"Of course, removing RAM from your machine will reduce the power draw from RAM. If you don't need that extra RAM, this can improve your battery life. However, removing RAM might cause you to swap more often,...etc."

Without thise extra precision, I realize that the comments made immediately afterwards about recommended RAM minimums, and my summary, must have seemed contradictory. My apologies.

Message #6 - Posted 2003/10/26 - David C.

John Johnson <null@invalid.com> writes:

Of course, removing RAM from your machine will improve battery life. Whether it improves it enough to compensate for the disadvantages is another question.

Assuming you don't need the RAM, yes. If your apps need it, you'll start swapping. Hard drive uses more power than RAM.

Many people over in comp.sys.mac.portables say that 512MB RAM is the minimum for OS X 10.2.*

IMO, that's a bit overenthusiastic.

The 128M that Apple claims to be a minimum is unacceptable.

192M, I'm told, is acceptable, but slow.

256M is what I consider an actual minimum.

512M is what I consider preferred.

More shouldn't hurt. Depending on the price for the kind of memory you need, I recommend maxing-out whatever system you're using.

Several other factors influence your battery life. Newer versions of OS X are better with the battery than old ones.

In general. But I know of one person who has seen degradation on his 17" PowerBook after upgrading from 10.2.6 to 10.2.8. (And yes, he installed the updated 10.2.8 - the original 10.2.8 was absolutely lousy. The updated one still isn't as good as 10.2.6, however.)

-- David

Message #7 - Posted 2003/10/26 - John Johnson

Previously, John Johnson wrote:

Previously, Kirk Strauser wrote:

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At 2003-10-25T18:05:38Z, John Johnson <null@invalid.com> writes:

Of course, removing RAM from your machine will improve battery life.

You state that as a given. My guess would be the opposite: removing RAM increases the likelihood of swapping, and an active hard drive consumes much more power than a few DRAM chips.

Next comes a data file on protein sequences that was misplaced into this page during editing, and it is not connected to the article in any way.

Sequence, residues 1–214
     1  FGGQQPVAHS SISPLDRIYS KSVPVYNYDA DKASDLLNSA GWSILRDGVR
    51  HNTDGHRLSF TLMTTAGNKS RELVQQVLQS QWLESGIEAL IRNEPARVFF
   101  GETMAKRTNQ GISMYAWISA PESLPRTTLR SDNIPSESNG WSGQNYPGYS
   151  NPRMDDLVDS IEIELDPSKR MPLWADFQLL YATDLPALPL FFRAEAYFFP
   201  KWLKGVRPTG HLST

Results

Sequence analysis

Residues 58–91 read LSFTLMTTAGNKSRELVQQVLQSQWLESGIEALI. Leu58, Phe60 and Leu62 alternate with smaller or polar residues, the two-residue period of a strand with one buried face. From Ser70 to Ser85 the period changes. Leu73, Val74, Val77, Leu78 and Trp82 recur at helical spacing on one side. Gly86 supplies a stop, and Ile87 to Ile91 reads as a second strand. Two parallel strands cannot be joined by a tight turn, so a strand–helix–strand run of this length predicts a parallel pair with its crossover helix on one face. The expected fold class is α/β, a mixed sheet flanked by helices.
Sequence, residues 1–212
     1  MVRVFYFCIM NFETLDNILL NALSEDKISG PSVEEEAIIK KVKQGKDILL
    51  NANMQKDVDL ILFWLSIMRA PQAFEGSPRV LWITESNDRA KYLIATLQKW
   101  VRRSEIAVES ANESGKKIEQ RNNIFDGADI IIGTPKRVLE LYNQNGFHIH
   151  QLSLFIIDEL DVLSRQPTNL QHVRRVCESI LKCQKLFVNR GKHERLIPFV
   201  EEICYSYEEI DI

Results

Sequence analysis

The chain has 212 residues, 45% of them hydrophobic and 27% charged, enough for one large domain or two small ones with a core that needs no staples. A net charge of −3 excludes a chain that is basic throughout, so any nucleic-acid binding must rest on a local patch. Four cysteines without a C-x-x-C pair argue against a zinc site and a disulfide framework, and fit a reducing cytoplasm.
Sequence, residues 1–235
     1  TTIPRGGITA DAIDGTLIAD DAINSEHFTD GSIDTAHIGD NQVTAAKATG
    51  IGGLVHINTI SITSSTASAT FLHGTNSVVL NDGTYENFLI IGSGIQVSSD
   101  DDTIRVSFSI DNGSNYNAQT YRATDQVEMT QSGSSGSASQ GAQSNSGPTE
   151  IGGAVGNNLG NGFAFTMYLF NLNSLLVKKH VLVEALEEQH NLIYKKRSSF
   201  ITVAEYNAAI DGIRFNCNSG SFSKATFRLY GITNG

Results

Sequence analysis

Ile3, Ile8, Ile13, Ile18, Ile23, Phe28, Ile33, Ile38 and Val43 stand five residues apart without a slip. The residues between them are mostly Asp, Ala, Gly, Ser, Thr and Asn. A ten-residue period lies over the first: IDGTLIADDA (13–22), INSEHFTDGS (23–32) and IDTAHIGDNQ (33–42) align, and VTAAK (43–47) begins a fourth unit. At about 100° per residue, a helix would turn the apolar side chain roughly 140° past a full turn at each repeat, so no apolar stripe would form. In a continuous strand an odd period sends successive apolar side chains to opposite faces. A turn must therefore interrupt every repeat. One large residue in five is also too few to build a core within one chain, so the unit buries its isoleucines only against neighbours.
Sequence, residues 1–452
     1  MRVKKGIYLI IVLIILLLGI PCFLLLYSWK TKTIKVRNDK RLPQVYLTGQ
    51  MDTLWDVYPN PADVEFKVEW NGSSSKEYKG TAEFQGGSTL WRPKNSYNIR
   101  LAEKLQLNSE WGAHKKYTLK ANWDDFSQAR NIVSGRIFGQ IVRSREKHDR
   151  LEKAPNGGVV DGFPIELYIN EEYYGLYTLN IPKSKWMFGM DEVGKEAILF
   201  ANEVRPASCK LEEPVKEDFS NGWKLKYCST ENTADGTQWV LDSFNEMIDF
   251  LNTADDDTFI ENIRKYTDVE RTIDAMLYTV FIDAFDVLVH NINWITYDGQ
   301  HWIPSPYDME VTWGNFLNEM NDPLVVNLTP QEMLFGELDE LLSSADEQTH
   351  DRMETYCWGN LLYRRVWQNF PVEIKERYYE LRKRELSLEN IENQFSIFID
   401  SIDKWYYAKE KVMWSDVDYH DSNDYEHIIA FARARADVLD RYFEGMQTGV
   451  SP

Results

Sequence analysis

Pardon me for not being precise enough.

"Of course, removing RAM from your machine will reduce the power draw from RAM. If you don't need that extra RAM, this can improve your battery life. However, removing RAM might cause you to swap more often,...etc."

Without thise extra precision, I realize that the comments made immediately afterwards about recommended RAM minimums, and my summary, must have seemed contradictory. My apologies.

Let me reply to myself. I was grumpy when I wrote this, and it shows. Sorry about that.

I attempted to provide a brief summary of some of the issues surrounding RAM and power. I did leave out the bit about swapping as a result of not having enough RAM, and thank those who pointed this out.

My approach was to recommend enough RAM as a minimum that the OP would be unlikely to run into gratituitous swapping. I run with 384, and certainly wouldn't want to run with 192 again. Avoiding swapping is important both for energy conservation and system responsiveness, so having enough RAM to avoid this should IMO, be a higher priority than simply conserving power.

As shamino@techie.com pointed out, somewhere between 256-512 seems to be a good operating range. Whether someone needs/wants more or not depends on many other factors, and I can't speak to it.

As for the comments about 10.2.8 hurting battery life, I'm not surprised. I did make a generalization about more modern OS versions, and that didn't include that particular release (which should IMO, be avoided, particularly with Panther available).

This has been a good discussion, sorry for the grumpiness.